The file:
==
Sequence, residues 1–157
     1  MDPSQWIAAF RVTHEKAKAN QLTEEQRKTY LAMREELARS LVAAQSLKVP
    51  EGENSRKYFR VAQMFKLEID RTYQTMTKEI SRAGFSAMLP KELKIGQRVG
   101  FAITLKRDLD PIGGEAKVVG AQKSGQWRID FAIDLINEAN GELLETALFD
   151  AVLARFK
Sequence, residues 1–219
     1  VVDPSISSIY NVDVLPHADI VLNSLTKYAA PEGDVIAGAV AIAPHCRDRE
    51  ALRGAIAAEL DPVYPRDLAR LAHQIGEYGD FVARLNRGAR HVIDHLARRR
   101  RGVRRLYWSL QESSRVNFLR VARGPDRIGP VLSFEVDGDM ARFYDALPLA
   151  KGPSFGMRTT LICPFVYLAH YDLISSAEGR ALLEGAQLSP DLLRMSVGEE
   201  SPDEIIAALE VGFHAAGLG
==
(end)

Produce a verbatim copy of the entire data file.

Sequence, residues 1–157
     1  MDPSQWIAAF RVTHEKAKAN QLTEEQRKTY LAMREELARS LVAAQSLKVP
    51  EGENSRKYFR VAQMFKLEID RTYQTMTKEI SRAGFSAMLP KELKIGQRVG
   101  FAITLKRDLD PIGGEAKVVG AQKSGQWRID FAIDLINEAN GELLETALFD
   151  AVLARFK
Sequence, residues 1–219
     1  VVDPSISSIY NVDVLPHADI VLNSLTKYAA PEGDVIAGAV AIAPHCRDRE
    51  ALRGAIAAEL DPVYPRDLAR LAHQIGEYGD FVARLNRGAR HVIDHLARRR
   101  RGVRRLYWSL QESSRVNFLR VARGPDRIGP VLSFEVDGDM ARFYDALPLA
   151  KGPSFGMRTT LICPFVYLAH YDLISSAEGR ALLEGAQLSP DLLRMSVGEE
   201  SPDEIIAALE VGFHAAGLG